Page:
There'll be a separate post coming up for zero-plastic/natural cleaning, but we couldn't go past this cute sweeper and funnel by Polish designer Jan Kochanski. It's innovative, sleek and made from nothing but natural materials. 

 

dustpan and broom.jpg

dish washing

For kitchen cleaning, there's plenty of alternatives including wooden scrubbing brushes, copper scourers, twine or coconut fibre scrub pads and cotton re-usable dish cloths

plastic free cleaning.jpg
kitchen sponge twine .jpg

For soap dispensers, we found these beautiful amber glass one's from Rail 19, but if you're a fiend for good design then these one's by Eva Solo or Vipp 9 you'll probably have for life. 

 

 

Vipp 9 soap dispenser for kitchen/bathroom

Vipp 9 soap dispenser for kitchen/bathroom

Evo Solo soap dispenser

Evo Solo soap dispenser

Rail 19 amber glass soap dispenser 

Rail 19 amber glass soap dispenser 

cookware

Notice how most non-stick pans only last a couple of years? If you add up the cost of that over a period of 5-10 years, it'd be a lot more expensive than the price investing in some good copper pans. Copper pans don't stick either. Sticking occurs when heat is unevenly distributed in the pan, but copper's ability to conduct heat evenly fixes this problem and rarely sticks to food. While it's a big investment (between 400-600 for a single pan), they're the kind of things that your grandchildren will pass on to theirs.

Brands like Mauviel and Falk sell the real deal, but for something a little less pricey these one's by Chasseur Escoffier aren't much more expensive than a good non-stick pan. For slow-cooking and pots, investing in one good all-rounder Le Creuset cast-iron pot will again, last a lifetime. Westinghouse also do them at about half the price tag. No more re-buying crappy pans with toxic non-stick chemicals every 2 years — just good old school cooking. 

le creuset.jpg
copper pots falk.png

the truth about plastic free shaving

Never have I ever drawn blood when shaving... until I used a safety razor. That's the plain truth of it unfortunately. You might recall your grandpa with little squares of blood dotted tissue on his freshly shaven jawline — yes, the un-rightly named 'safety' razor is the same old school gizmo he used for his morning shave.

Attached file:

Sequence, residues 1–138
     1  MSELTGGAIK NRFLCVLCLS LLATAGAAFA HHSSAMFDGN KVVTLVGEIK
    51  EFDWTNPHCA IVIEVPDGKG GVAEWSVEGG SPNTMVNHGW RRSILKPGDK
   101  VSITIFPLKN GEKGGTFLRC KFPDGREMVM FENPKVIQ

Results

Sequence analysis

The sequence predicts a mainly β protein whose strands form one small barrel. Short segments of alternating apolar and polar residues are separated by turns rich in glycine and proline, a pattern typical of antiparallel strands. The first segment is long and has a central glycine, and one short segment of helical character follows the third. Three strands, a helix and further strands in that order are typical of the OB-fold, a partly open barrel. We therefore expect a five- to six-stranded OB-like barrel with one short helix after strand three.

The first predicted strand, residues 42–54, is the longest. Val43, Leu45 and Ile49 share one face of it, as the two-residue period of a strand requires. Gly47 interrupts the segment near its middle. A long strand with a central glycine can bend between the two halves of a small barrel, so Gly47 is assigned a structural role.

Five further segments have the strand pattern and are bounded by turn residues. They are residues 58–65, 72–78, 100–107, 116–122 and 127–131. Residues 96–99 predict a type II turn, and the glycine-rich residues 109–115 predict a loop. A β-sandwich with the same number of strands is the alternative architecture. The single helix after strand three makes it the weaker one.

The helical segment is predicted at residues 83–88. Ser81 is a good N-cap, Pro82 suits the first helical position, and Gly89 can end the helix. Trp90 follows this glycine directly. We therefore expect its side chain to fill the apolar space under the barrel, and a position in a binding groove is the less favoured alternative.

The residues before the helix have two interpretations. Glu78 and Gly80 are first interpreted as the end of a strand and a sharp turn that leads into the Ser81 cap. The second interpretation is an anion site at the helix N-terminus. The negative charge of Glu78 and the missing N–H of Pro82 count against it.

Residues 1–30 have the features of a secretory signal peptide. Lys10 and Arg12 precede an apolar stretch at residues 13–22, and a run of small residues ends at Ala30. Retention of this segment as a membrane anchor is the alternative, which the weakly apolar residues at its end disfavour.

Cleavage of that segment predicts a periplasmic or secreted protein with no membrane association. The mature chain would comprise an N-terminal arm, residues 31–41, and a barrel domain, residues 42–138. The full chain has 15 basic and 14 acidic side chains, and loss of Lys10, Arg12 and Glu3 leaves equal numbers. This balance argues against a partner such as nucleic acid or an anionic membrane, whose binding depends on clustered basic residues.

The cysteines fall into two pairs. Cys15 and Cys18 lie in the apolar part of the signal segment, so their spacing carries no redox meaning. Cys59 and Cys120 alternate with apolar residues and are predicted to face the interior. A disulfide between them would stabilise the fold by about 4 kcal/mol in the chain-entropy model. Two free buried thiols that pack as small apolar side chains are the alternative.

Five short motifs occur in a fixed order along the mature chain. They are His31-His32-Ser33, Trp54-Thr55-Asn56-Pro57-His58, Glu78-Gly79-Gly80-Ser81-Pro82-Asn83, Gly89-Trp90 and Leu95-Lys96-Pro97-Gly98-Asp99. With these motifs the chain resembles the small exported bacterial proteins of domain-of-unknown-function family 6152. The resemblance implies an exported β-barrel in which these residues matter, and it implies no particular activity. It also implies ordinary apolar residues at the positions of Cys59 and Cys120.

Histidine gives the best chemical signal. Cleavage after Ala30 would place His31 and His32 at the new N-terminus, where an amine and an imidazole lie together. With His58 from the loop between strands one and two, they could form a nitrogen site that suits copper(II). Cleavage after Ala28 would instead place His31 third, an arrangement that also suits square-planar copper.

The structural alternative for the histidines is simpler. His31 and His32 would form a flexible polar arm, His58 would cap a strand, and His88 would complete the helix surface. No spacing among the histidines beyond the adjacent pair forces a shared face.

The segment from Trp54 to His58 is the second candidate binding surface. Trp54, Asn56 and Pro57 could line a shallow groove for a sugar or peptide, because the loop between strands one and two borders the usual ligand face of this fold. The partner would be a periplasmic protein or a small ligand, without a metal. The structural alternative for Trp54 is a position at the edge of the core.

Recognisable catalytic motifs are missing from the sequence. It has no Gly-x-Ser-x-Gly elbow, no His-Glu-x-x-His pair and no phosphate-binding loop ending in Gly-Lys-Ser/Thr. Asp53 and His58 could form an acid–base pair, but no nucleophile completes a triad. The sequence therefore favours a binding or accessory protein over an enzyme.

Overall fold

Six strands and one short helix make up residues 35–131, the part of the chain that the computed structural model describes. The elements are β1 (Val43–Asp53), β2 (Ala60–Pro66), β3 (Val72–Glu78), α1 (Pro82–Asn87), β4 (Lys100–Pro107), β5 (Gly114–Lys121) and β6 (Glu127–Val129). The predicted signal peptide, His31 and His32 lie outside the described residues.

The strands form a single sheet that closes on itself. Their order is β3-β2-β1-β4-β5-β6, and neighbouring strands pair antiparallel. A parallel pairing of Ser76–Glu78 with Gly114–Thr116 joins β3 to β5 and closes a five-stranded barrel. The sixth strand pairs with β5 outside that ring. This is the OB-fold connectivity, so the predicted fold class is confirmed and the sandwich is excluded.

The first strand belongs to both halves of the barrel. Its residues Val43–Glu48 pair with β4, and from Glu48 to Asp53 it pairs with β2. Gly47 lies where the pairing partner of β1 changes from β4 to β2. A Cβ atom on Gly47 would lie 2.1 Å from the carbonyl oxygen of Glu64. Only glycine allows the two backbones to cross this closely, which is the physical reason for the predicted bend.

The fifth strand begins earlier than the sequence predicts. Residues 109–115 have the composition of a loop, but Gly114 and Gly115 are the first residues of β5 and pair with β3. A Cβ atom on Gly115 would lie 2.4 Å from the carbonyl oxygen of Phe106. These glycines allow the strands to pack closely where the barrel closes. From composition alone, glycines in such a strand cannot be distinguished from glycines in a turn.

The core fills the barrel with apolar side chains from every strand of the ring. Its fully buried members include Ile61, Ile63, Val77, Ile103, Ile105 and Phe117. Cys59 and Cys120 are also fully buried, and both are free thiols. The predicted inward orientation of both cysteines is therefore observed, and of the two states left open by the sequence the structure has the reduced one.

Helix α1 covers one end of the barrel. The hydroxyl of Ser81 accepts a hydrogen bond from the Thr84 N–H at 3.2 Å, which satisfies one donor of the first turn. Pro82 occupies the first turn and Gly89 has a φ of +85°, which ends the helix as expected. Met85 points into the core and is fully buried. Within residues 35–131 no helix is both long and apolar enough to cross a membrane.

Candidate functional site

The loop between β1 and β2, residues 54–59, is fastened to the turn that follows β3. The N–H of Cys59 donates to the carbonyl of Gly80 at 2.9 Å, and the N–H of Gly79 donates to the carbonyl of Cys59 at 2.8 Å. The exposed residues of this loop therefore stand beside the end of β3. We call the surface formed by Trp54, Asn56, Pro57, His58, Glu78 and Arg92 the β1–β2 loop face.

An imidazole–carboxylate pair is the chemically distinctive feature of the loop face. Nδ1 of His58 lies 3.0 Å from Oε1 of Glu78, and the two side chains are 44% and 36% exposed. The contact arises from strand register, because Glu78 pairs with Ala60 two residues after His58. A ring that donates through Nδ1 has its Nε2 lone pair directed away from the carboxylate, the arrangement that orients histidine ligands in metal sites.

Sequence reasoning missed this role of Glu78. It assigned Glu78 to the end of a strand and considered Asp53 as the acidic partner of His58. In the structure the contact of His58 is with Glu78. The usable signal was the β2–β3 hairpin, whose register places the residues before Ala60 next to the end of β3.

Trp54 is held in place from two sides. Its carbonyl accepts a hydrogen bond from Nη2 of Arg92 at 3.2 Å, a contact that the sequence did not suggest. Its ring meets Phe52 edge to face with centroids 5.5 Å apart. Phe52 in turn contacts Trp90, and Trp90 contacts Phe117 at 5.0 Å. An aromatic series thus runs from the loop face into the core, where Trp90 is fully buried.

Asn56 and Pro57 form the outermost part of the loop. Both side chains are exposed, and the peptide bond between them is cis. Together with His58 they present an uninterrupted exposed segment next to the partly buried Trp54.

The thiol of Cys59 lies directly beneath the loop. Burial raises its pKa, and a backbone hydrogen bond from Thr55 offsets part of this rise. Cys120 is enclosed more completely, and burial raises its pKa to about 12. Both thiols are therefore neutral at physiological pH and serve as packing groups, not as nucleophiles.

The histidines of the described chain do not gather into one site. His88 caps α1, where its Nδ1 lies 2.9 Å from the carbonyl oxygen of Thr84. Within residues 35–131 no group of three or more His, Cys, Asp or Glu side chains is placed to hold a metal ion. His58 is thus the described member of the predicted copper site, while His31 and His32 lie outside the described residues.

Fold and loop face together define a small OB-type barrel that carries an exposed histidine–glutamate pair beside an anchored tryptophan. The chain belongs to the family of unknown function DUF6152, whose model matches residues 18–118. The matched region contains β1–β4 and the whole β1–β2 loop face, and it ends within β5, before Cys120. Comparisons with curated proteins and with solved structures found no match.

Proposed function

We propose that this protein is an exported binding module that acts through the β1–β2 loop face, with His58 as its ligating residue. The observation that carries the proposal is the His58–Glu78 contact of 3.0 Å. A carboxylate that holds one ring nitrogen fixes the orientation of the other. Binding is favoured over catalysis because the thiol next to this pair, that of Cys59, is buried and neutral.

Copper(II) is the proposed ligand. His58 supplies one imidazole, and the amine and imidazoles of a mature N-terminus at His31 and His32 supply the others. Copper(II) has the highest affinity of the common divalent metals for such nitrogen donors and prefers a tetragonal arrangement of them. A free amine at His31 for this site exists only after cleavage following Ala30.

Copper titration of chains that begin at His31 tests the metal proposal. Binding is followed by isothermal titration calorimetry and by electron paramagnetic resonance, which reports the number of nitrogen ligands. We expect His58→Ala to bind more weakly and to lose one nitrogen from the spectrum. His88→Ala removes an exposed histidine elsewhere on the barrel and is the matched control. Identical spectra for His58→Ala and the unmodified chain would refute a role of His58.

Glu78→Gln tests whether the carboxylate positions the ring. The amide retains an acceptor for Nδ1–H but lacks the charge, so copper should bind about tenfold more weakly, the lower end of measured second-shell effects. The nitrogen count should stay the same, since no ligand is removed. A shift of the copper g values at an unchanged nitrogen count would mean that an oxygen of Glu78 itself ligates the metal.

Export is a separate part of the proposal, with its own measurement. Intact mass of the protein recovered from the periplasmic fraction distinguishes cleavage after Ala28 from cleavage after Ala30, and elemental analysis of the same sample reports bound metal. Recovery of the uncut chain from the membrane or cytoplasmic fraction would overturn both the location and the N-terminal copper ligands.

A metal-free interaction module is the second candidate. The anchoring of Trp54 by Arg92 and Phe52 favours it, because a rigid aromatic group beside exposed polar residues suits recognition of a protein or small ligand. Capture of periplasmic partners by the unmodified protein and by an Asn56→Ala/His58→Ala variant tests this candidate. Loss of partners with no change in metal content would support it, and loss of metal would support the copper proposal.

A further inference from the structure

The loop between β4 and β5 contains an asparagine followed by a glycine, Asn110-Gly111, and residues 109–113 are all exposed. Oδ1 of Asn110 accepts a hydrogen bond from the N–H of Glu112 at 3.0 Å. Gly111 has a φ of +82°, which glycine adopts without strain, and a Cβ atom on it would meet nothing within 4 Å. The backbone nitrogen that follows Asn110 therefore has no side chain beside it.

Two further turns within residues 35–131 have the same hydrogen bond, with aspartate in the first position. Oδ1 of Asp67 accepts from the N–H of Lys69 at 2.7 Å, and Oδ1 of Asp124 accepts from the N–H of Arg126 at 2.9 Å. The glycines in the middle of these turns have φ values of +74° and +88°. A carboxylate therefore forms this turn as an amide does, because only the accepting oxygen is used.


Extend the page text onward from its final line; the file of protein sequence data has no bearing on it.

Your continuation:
So why on Earth would we subject ourselves to this kind of Sweeney Todd esque contraption? Because there's a lot of upsides and once you get the hang of it, you should be able to avoid cuts... most of the time. Safety razors are great for the environment (and your wallet) because you keep them forever... but the nature of the sharp single blade with no shock absorbers can leave you with shaving cuts here and there. But don't let this discourage you, I still use mine. If you persevere with these bad boys, eventually you'll get better at it. In fact, if you read this you should technically learn from my mistakes and avoid it altogether. Here's what I learned about using a safety razor:

safety razor.jpg

1. Lather and re-lather with lots of soap to protect your skin - the razor takes the protective film of soap off, so you'll always want to have a soap bar on hand to keep applying it before going in for a closer shave. 

2. Use on a 30 degree angle — any higher and you will cut yourself. Period. 

3. Let the razor do the work. Apply little to no pressure while shaving. 

4. Throw everything you know about shaving out the window; this is a different ballgame. Standard razors come with shock absorbers, built-in soap pads and multiple razors for a closer shave and admittedly, they are easier to use — but once you've got the hang of a safety razor, it's a little bit like going from a manual to an automatic car; not as easy but people often say they feel more in control of 'at one' with it...(in saying this, I've never driven a manual car). 

5. Don't buy one in a store because they're 60-80 bucks. I got a shiny perfect one from Ebay with two boxes of spare razors for $12 and it's exactly the same as the one's you'll find in a store with a hefty price tag.

6. Don't rush — think of shaving as a new form of meditation with an added incentive. If you lose focus you'll cut yourself, so it's like a forced mindfulness practice. There ya go!